Alcohol withdrawal syndrome is a collection of withdrawal symptoms that occur when someone who is addicted to alcohol quits drinking. Some of these symptoms may be related to a life-threatening condition known as delirium tremens, or DTs, which usually occurs in those who have a history of seizures related to alcohol withdrawal or who have abnormal liver function or a serious medical illness. Advancing age is also a risk factor for this condition.
Alcohol withdrawal symptoms usually set in between 6 and 12 hours after the last drink, and it’s due to the changes in brain function that characterize physical addiction.
Initially, drinking alcohol increases the effects of the neurotransmitter GABA, which produces feelings of calm and relaxation. But heavy drinking eventually begins to suppress the activity of GABA, and as a result, the body needs more and more alcohol to increase GABA activity to produce the feelings of relaxation. This is known as building up a tolerance.
At the same time, alcohol suppresses the activity of a neurotransmitter known as glutamate, which is responsible for feelings of excitement. This suppression leads the glutamate system to operate at a higher level than is normal.
When someone with an alcohol addiction stops drinking, neurotransmitter activity rebounds, flooding the brain with chemicals that were previously suppressed by the alcohol. It’s this elevated brain activity that causes withdrawal symptoms.
The symptoms associated with quitting alcohol typically occur in a set pattern, but not all patients will experience all of the withdrawal symptoms, and the symptoms may range in severity from very mild to extremely intense.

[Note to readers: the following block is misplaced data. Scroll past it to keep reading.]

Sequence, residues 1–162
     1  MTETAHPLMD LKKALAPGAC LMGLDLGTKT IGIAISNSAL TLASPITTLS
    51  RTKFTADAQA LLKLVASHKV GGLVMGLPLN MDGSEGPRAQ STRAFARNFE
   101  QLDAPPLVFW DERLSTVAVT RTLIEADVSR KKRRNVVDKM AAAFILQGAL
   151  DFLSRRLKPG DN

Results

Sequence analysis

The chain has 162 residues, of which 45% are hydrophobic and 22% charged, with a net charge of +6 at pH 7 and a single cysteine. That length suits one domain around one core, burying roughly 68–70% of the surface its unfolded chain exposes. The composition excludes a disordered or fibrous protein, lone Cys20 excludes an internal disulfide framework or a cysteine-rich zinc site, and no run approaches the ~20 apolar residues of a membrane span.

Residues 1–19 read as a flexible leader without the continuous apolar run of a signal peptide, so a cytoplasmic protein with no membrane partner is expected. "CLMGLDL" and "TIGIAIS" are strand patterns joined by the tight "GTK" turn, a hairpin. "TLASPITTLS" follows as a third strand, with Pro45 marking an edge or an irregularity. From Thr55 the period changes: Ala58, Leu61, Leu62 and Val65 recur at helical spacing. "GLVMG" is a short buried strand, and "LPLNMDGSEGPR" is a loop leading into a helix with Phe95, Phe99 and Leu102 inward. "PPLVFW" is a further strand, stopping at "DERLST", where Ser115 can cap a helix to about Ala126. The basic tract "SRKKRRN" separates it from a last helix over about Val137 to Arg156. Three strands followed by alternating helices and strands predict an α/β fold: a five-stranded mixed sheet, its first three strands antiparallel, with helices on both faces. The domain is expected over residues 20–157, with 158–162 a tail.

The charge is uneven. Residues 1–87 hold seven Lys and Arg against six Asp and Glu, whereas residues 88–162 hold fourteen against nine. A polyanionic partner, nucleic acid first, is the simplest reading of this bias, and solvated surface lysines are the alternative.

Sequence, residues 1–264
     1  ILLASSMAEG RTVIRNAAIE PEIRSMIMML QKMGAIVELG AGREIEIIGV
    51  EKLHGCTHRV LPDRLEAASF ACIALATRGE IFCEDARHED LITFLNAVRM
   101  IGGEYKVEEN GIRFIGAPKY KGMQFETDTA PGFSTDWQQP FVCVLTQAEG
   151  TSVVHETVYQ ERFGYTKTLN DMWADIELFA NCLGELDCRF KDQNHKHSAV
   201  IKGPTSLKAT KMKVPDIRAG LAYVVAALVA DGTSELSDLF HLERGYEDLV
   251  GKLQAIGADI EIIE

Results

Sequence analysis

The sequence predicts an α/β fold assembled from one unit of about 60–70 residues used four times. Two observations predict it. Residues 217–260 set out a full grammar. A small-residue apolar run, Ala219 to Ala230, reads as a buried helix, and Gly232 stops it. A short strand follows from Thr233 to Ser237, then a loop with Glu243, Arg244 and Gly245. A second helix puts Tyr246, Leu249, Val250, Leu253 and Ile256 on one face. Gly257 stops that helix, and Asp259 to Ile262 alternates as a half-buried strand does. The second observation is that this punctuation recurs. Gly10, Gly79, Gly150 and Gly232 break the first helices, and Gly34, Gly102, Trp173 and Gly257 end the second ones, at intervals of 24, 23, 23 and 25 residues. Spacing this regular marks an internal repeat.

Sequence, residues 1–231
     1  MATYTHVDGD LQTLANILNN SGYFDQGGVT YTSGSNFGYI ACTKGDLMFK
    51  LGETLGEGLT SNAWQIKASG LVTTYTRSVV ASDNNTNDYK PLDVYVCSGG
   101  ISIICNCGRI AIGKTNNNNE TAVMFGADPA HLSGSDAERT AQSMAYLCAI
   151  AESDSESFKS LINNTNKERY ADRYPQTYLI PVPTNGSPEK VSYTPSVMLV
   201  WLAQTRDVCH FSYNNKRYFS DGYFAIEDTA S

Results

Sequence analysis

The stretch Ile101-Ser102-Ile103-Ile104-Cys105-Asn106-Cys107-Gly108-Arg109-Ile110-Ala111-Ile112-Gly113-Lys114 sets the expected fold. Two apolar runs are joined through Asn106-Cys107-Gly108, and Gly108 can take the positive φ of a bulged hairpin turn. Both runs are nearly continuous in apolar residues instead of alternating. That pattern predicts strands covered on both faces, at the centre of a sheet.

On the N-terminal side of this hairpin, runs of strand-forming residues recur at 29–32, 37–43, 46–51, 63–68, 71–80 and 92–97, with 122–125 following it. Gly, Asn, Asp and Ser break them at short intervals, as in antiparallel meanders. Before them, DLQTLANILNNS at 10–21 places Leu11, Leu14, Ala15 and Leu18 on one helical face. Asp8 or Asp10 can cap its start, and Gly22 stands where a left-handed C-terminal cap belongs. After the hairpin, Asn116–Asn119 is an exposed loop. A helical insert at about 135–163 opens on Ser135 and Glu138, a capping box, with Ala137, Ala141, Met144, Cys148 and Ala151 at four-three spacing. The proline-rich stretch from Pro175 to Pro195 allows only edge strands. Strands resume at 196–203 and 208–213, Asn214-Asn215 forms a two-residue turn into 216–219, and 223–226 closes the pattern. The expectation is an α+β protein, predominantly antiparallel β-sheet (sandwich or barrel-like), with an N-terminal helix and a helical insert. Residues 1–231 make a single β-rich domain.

Within six to 12 hours after the last drink, minor symptoms will usually appear. These include shakiness, mild anxiety, sweating, headache, insomnia, nausea, and vomiting.
Within 12 and 24 hours after the last drink, hallucinations may occur. These include auditory, visual, and tactile hallucinations, which patients generally understand are only hallucinations. These usually end within 48 hours.
Within 48 to 72 hours after the last drink, delirium tremens may occur, and this condition is dangerous and potentially fatal. Symptoms of delirium tremens include disorientation, severe anxiety, visual hallucinations that seem very real, seizures, high blood pressure, and an irregular heartbeat. DTs usually peak around the five day mark.
Medical detoxification is the process of breaking the physical addiction to alcohol, and it’s supervised by physicians, who administer medications as needed to prevent dangerous symptoms and alleviate discomfort during the detox process. Since around five percent of people who experience the onset of DTs without medical supervision die from this condition, medical detox is essential for safe withdrawal. It also helps patients make it through the detox process without lapsing due to excruciating discomfort.
Some of the medications used during medical detox include Paxil, which helps alleviate insomnia and depression, Neurotonin to prevent or treat seizures and help restore normal brain function, and Chantix, which alleviates intense cravings.
Alcohol rehab is available as both inpatient and outpatient programs. A addiction specialist can help you decide which might be the best type of program based on your needs and particular issues surrounding the addiction.
Inpatient drug treatment is generally the most ideal type of program, since patients live at the facility and are able to focus solely on recovery without the stresses and triggers in “real” life that can contribute to a lapse. Those with a long history of alcohol abuse or who have a co-occurring mental illness should always choose inpatient treatment.
Outpatient treatment can also be successful, but only if the patient is personally motivated to recover and has a support system in place at home. Outpatient treatment provides more privacy and allows patients to continue working or attending school.